Inside Philanthropy: Why Chan Zuckerberg is Devoting Millions to Open Source Software for Scientists
July 2, 2020
This piece was published in Inside Philanthropy on June 24, 2020.
To an important degree, scientific research advances as a direct result of the tools scientists have at their disposal. Telescopes, microscopes, MRI machines and countless other devices have revolutionized one area of human inquiry after another. You don’t have to be a scientist to see that the game-changing tools of our time are computers and the software applications that run on them, but maintaining and building software is not the kind of thing that draws a lot of funding interest.
That’s why the Chan Zuckerberg Initiative started its Essential Open Source Software for Science program, so far awarding $8.8 million in grants in two funding cycles. Its goal is to support applications crucial to biomedical research, in particular.
Software may not sound quite as exciting as, say, a cure for cancer or any number of other chronic diseases that philanthropists have been eager to take on. Much of the motivation behind philanthropy for medical research is, in fact, highly personal and emotional, often in retaliation or defense against an ailment that has hit close to home. Software’s broad applications make it less likely to connect to a donor’s personal mission. More glamorous research tools, like high-powered microscopes and telescopes, have attracted their fair share of wealthy patrons.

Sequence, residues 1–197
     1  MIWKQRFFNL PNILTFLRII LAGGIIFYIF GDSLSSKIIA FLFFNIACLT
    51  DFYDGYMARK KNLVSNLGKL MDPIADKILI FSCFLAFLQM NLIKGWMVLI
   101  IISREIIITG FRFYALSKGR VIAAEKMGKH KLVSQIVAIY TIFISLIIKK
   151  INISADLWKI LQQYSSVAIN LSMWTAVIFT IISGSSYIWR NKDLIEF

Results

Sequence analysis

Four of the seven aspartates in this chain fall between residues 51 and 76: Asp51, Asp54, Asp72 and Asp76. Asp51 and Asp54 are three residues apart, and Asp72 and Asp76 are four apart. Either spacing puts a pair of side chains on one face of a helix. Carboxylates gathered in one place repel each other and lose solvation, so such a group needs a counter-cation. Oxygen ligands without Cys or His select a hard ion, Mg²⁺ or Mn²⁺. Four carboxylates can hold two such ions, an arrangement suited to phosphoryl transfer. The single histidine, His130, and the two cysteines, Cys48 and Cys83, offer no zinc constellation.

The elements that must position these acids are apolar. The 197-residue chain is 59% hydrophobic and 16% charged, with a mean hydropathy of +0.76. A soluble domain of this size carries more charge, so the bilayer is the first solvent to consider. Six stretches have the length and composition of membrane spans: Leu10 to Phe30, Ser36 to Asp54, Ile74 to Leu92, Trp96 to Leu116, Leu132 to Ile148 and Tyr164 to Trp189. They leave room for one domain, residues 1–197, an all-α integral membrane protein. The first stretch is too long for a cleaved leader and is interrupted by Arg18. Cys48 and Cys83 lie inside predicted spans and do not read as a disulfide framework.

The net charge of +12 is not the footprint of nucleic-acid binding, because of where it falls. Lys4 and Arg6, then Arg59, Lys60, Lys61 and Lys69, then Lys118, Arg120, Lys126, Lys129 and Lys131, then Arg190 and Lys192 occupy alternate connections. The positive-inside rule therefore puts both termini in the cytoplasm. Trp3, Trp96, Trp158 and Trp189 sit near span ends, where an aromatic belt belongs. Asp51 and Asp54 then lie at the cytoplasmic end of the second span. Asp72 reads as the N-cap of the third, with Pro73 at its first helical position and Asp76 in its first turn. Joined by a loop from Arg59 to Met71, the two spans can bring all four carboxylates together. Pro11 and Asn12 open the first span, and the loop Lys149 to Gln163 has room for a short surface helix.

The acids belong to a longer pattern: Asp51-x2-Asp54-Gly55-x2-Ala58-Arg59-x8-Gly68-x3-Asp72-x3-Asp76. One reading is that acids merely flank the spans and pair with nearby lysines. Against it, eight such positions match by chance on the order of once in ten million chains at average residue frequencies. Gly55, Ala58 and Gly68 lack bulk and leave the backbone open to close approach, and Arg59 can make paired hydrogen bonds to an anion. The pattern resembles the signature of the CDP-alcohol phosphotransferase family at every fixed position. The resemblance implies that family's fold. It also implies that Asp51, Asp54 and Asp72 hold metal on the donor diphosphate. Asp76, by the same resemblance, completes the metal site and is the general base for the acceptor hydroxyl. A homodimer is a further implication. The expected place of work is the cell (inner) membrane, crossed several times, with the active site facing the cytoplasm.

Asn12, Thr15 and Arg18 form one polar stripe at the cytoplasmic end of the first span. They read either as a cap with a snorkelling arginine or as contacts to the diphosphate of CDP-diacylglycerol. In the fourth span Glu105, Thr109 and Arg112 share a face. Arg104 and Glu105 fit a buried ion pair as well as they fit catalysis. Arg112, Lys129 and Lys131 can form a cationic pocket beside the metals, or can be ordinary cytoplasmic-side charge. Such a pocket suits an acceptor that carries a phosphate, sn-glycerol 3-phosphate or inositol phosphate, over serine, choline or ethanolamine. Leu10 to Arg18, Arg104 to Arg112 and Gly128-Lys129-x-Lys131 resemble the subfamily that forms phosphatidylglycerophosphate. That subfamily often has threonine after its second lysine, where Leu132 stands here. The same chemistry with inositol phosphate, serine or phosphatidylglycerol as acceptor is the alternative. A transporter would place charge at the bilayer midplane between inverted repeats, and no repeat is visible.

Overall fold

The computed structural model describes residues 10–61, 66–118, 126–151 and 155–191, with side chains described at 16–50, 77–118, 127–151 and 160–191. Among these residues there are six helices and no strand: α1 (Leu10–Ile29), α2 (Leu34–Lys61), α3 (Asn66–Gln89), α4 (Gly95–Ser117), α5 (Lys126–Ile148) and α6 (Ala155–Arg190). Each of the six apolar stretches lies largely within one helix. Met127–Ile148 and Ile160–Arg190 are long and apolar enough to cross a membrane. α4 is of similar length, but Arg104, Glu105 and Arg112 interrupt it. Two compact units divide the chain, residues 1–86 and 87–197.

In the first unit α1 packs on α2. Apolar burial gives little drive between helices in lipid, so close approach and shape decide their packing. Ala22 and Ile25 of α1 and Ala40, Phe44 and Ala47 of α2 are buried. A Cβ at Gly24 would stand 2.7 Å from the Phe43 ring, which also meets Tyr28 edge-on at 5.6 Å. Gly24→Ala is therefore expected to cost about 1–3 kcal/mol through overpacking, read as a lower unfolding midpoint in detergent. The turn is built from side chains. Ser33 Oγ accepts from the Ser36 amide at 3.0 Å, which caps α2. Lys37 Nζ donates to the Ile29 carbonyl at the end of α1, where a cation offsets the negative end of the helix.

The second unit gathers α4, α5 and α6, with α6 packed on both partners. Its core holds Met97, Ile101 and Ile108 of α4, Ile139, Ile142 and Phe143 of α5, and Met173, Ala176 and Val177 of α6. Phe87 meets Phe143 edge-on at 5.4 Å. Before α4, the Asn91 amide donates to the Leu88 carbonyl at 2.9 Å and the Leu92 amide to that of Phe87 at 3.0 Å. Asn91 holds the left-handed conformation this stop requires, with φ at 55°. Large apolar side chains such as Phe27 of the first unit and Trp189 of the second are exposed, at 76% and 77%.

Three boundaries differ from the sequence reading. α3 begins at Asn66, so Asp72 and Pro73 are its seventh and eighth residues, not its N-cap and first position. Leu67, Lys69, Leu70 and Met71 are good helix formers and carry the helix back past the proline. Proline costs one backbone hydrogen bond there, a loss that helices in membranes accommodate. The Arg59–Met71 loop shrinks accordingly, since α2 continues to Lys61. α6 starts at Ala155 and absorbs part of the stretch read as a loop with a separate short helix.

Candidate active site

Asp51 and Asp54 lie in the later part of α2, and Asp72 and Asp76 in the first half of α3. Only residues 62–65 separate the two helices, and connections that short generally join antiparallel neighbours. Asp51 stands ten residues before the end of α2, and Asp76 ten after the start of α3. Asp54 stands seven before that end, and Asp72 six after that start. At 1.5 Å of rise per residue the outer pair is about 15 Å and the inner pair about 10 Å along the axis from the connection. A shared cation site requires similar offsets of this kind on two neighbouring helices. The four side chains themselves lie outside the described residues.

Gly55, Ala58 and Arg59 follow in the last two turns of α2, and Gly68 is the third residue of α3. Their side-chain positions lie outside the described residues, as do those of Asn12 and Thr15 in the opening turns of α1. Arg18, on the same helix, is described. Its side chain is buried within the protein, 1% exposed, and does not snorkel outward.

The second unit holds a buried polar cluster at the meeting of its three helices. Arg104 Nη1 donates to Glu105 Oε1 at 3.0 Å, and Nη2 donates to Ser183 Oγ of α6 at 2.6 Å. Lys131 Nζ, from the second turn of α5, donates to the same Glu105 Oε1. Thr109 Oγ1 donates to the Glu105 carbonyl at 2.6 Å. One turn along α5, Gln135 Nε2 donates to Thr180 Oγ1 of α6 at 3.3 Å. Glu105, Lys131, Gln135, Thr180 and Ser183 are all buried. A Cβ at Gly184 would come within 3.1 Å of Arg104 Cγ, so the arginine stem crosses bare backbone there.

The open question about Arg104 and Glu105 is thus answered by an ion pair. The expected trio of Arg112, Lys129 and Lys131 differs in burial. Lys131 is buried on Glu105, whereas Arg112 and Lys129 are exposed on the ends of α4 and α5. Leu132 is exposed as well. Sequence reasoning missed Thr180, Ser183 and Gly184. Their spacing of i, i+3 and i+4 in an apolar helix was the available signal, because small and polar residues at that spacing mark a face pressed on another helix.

But software is as essential to research as anything else in the lab. And in this era of global pandemic, when it is safe to say that more scientists than ever before are working on the same topics, the research applications that enable transparency, reproducibility and collaboration matter to everyone.
“These are absolutely critical pieces of infrastructure for science, yet they have never received dedicated funding support,” said Dario Taraborelli, CZI science program officer for open science. “That’s the crux of what we’re trying to address with this program.”
The first round of grants under the program, $5 million in total, was announced late last year. A second $3.8 million was awarded a few weeks ago, and a third round is on the way. According to CZI, the grants will help awardees hire developers, improve documentation, address usability, improve compatibility, onboard contributors and convene communities, among other functions.
Most of us are familiar with the names of common software applications we use at work and in our personal lives. But most of us are utterly unfamiliar with common applications used by scientists. Consider Matplotlib, an application that enables the creation of graphs, charts and other figures. Unless you’re in the research business, you’ve probably never heard of it, yet it’s one of the most widely used tools in science.